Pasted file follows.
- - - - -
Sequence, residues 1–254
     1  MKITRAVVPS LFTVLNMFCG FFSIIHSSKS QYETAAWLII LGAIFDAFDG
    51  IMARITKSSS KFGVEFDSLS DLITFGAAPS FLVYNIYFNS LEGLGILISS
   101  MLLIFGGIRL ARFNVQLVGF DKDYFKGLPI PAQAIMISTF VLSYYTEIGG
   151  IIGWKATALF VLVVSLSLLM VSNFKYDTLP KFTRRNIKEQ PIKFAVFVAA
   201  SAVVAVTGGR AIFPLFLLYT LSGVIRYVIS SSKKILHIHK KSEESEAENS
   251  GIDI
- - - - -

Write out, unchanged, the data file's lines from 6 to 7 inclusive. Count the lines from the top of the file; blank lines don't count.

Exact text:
   201  SAVVAVTGGR AIFPLFLLYT LSGVIRYVIS SSKKILHIHK KSEESEAENS
   251  GIDI